Rick Astley has settled his legal dispute with rapper Yung Gravy over the use of a sound-a-like vocalist on the latter's track 'Betty (Get Money)', which is built upon Astley’s 'Never Gonna Give You Up'.
Legal reps for the rapper filed papers with the courts in LA earlier this week confirming that a settlement had been reached, though no details of any settlement deal were provided.
'Betty (Get Money)' makes heavy use of Astley's 1987 hit, although it doesn't actually sample the original track. Instead a new version was created with a singer hired to imitate Astley's distinct vocals.
On the publishing side, deals were done with the writers of 'Never Gonna Give You Up', Stock, Aiken and Waterman. But, with the original recording not used, neither Astley nor his label were involved in any deals.
From a copyright perspective, 'Betty (Get Money)' was fully legit. However, Astley filed a lawsuit claiming that his publicity rights under Californian law had been infringed. That was on the basis that Yung Gravy and his team had replicated the 'Never Gonna Give You Up' vocals in such a way that many people assumed it was, in fact, Astley singing on the new track.
It was a timely case given the increased interest in AI tools that can create new vocals in the style of specific artists. Although that technology was not used by Yung Gravy, the legal questions posed by Astley's lawsuit were very relevant.
If an artist wants to stop someone from using AI to imitate their vocals - and especially if they don't own the copyright in their music - they would likely rely on publicity rights to do so.
How publicity rights work varies greatly from country to country, and in the US from state to state. In some countries they might be referred to as personality or image rights. And in the UK, the right doesn't currently exist in law at all.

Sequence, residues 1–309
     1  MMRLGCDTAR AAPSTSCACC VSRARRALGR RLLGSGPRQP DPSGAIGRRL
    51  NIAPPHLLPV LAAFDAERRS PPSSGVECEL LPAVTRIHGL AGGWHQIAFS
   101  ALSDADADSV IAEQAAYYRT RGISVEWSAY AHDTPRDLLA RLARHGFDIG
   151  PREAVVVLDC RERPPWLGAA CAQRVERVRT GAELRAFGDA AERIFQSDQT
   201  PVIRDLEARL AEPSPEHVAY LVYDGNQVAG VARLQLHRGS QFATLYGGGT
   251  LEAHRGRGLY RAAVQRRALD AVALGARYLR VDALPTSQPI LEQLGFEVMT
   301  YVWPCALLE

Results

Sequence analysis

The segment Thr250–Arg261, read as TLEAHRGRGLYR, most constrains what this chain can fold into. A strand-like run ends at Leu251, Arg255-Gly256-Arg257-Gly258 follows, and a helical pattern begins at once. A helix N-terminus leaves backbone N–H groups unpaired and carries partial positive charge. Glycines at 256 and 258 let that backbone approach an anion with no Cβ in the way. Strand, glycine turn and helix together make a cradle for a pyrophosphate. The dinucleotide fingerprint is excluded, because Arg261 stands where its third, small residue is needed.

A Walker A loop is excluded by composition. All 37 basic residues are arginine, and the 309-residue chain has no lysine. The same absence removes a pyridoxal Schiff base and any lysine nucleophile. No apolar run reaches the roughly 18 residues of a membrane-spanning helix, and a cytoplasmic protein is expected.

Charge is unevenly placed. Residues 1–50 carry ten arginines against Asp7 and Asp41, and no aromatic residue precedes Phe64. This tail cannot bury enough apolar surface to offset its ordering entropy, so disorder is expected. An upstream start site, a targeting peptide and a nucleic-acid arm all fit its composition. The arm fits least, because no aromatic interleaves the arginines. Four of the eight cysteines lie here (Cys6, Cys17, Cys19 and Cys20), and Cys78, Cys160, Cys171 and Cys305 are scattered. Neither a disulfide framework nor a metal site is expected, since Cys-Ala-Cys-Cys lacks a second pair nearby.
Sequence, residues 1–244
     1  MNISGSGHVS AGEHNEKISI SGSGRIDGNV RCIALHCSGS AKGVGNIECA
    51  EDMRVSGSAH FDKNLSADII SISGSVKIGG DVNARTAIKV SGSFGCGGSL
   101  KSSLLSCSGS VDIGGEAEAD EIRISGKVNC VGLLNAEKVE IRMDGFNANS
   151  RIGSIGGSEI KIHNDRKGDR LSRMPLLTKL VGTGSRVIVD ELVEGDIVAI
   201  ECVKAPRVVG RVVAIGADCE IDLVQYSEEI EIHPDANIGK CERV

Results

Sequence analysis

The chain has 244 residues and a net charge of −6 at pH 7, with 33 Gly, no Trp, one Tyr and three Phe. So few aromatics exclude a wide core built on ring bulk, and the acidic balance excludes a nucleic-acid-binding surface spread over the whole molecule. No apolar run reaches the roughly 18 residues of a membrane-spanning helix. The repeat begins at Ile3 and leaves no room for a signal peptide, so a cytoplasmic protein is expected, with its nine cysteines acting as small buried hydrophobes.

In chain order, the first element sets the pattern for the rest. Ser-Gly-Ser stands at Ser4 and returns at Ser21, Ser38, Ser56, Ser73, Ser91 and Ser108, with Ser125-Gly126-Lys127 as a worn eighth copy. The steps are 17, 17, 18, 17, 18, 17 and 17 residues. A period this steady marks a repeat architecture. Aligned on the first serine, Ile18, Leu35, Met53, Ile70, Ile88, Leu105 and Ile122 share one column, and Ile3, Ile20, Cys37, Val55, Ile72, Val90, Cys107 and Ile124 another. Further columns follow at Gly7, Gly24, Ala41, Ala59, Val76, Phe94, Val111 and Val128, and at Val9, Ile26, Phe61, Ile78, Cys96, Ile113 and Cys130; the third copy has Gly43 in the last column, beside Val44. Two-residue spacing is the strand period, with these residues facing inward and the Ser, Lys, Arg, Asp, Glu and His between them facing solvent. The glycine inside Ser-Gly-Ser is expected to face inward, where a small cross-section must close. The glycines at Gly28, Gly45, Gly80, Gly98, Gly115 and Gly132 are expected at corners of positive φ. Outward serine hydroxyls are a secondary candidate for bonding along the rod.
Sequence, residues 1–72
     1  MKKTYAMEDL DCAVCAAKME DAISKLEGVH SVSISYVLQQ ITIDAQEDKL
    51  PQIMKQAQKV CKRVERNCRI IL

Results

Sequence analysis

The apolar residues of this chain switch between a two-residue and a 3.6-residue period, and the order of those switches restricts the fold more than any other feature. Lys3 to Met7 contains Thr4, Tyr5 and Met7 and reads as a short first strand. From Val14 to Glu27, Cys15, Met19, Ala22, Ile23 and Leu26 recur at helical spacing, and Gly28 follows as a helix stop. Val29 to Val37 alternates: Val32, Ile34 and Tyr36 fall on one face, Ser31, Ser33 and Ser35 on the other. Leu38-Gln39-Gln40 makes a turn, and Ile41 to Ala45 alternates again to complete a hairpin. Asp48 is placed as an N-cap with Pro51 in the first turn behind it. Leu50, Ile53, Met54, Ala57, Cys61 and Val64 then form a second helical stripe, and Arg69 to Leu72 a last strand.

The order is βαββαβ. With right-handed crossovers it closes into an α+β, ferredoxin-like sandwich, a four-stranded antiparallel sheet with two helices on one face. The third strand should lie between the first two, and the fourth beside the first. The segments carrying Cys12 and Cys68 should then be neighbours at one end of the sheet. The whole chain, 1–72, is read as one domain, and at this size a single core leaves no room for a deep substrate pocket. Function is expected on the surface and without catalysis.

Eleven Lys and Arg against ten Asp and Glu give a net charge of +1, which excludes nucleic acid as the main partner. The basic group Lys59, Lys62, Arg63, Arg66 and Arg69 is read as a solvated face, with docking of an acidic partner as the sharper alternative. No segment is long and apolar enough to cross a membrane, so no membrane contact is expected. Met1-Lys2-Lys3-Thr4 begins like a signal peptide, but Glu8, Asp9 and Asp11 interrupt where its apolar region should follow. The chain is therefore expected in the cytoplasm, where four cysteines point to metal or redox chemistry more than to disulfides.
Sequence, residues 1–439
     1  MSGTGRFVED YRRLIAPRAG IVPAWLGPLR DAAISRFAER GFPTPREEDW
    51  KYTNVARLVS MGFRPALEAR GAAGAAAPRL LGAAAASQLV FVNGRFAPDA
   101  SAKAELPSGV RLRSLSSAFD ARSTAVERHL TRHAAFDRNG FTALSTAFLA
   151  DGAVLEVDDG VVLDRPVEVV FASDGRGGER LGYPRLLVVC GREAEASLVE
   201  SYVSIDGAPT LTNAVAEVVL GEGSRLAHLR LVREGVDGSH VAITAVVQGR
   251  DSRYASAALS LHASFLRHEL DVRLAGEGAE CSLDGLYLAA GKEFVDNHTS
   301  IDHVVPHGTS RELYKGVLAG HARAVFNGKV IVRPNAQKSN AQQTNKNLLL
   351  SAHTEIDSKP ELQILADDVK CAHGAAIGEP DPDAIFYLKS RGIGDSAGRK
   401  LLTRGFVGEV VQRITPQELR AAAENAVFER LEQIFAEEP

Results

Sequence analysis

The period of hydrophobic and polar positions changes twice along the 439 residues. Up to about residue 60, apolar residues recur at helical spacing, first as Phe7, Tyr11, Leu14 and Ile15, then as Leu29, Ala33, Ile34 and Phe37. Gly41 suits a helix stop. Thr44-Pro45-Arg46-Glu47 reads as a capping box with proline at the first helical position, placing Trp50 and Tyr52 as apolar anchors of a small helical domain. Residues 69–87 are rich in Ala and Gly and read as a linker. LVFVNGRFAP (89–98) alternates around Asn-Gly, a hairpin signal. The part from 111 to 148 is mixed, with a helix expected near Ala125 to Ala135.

Had Astley's litigation got to court, it would have clarified the extent to which the Californian publicity right gives artists control over their voice. His lawsuit cited a 1980s publicity rights case filed after Ford used a Bette Midler sound-a-like in a TV advert.
However, his case - against an artist who released a sound-a-like record rather than a brand who used a sound-a-like in an advert - would have tested the reach of publicity rights in a scenario more similar to the recent flurry of AI-generated sound-a-like tracks that have gone viral.
Like, for example, that Ghostwriter track that imitated the voices of both Drake and The Weeknd, something that annoyed their label Universal Music. Which also happens to be the record company that released 'Betty (Get Money)'.
That fact probably made an out of court settlement in the Astley case pretty likely. After all, Universal - which recently called for a US-wide federal publicity right in a Congressional hearing - wouldn't really want to be involved in a case in the Californian courts where the defence was based on the idea that the right to publicity shouldn't protect an artist's voice.